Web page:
With the previous selection process deemed unconstitutional, a legislative panel has boosted a bill advocating merit-based picks and keeping a partisan balance on the bench.
An Indianapolis physician whose patients were told at multiple CVS Pharmacy stores that their prescriptions couldn’t be filled because the doctor had been arrested or was suspected of running a "pill mill" won a defamation judgment against the drugstore chain.
The Indianapolis-based mall developer faces accusations that it used its massive influence to pressure retailers to sign leases at its mall in Mishawaka instead of in a competitor’s property.
Marion County courts process about 12 million pages of documents every year. Beginning this month, the paper system will switch to digital, requiring buy-in from attorneys, judges and clerks.
The 7th Circuit Court of Appeals called Gov. Mike Pence’s objection to the resettlement of Syrian refugees in Indiana because they may pose a terrorism threat “nightmare speculation.”
Lawyers for an Indianapolis gun store sued for making an illegal straw sale of a firearm that was used to shoot an Indianapolis police officer argued Wednesday that Indiana gun sellers are shielded from civil lawsuits even when they break the law.
Despite decades of on-the-job training for workers and numerous high-profile lawsuits, harassment by managers and co-workers persists—although the number of sexual harassment claims has declined in recent years.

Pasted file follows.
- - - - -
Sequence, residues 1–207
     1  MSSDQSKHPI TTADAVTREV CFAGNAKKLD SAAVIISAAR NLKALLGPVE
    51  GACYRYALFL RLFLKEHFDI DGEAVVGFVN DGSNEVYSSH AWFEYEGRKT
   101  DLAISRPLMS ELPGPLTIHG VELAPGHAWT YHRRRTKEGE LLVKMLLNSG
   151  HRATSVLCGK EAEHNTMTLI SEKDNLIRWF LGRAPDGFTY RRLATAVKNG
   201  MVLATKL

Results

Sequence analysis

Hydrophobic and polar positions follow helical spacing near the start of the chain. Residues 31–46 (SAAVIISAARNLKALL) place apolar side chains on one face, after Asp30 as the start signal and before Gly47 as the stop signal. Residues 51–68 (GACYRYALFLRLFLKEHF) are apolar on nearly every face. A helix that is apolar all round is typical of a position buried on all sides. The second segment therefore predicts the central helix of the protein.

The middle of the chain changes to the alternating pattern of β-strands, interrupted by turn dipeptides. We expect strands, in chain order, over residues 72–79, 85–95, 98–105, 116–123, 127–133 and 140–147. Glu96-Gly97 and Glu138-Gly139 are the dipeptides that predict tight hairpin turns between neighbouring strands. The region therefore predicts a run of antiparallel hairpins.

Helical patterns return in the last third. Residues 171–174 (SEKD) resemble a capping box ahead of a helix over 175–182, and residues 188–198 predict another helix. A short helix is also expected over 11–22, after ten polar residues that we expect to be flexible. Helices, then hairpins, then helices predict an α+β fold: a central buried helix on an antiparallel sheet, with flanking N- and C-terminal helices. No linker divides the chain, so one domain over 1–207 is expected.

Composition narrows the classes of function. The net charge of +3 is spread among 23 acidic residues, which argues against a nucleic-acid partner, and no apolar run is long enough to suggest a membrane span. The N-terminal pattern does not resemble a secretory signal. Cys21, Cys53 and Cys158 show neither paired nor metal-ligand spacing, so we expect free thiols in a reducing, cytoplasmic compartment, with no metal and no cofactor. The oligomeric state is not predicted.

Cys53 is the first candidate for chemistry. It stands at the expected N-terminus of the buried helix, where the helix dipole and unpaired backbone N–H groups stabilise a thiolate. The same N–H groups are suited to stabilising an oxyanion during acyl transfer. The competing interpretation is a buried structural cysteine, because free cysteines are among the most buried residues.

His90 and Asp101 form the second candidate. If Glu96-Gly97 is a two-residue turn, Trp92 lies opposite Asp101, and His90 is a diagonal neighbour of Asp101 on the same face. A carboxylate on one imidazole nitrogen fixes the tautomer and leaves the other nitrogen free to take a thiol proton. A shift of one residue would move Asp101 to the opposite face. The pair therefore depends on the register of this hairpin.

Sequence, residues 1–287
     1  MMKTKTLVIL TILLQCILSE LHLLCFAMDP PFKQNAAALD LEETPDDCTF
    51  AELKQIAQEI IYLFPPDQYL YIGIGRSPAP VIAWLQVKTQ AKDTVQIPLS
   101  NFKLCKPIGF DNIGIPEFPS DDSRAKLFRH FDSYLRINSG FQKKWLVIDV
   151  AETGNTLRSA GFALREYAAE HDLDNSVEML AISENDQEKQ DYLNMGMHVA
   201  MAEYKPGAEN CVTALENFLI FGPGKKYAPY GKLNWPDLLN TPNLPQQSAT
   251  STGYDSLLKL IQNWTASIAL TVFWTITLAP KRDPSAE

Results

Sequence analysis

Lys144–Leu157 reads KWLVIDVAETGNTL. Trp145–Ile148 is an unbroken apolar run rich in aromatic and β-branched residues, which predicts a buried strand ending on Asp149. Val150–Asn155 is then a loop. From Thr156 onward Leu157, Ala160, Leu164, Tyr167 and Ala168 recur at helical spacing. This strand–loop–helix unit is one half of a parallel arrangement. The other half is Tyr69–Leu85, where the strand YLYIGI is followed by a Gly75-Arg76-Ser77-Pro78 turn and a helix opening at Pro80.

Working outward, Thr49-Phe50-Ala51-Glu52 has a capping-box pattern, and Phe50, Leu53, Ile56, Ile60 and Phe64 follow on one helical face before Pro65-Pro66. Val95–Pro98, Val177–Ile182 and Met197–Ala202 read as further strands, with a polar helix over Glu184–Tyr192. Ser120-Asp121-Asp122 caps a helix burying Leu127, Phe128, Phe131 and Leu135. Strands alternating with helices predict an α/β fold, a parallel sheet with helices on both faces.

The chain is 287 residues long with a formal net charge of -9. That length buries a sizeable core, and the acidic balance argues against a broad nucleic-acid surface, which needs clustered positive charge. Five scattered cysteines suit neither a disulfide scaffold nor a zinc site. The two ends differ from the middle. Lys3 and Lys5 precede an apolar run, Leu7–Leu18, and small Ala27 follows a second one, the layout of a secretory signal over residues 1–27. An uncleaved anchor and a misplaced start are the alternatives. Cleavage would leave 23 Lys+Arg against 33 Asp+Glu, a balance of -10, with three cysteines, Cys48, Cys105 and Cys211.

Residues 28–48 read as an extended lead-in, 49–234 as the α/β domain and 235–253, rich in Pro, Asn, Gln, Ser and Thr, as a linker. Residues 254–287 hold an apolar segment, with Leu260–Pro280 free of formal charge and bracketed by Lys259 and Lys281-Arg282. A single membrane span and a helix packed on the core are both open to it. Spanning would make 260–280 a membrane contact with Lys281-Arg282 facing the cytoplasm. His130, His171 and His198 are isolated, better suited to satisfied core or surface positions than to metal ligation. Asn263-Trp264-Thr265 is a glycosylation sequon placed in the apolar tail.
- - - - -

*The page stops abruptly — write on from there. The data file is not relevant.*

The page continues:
The Indianapolis financier convicted of operating a Ponzi scheme failed to persuade a federal judge to dismiss the government’s civil action against him and other convicted accomplices.
A former University of North Carolina football player has sued the Atlantic Coast Conference and the NCAA in federal court in Indianapolis, claiming his life changed after hits he took in practice and on the field caused concussions.
The 72-page suit filed in federal court Thursday argues the informed consent law the Legislature passed this year has no medical justification.
The Indiana Supreme Court on Tuesday removed the judge who has presided for six years over the litigation between the state and IBM over the failed $1.3 billion welfare-modernization contract.
Former Indiana Secretary of State Charlie White might never be allowed to practice law again, the Indiana Supreme Court suggested Tuesday in extending his suspension for at least another two years.
Two former guest-services managers at shopping malls in Illinois and Oklahoma have sued Indianapolis-based Simon Property Group, claiming the retail property giant violated the Fair Labor Standards Act.
A Carmel surgery center is joining others in the state in suing UnitedHealthcare, alleging it unlawfully withheld payment for some services to make up for overpayment of other claims.
Lawyers representing the state in its ongoing lawsuit against IBM over a canceled $1.3 billion welfare privatization contract have asked for a new judge in the case and moved to void his latest ruling.
IBM breached its agreement with the state in its failed bid to privatize Indiana’s welfare systems, the Indiana Supreme Court ruled Tuesday, more than six years after the state sued IBM over the $1.3 billion contract.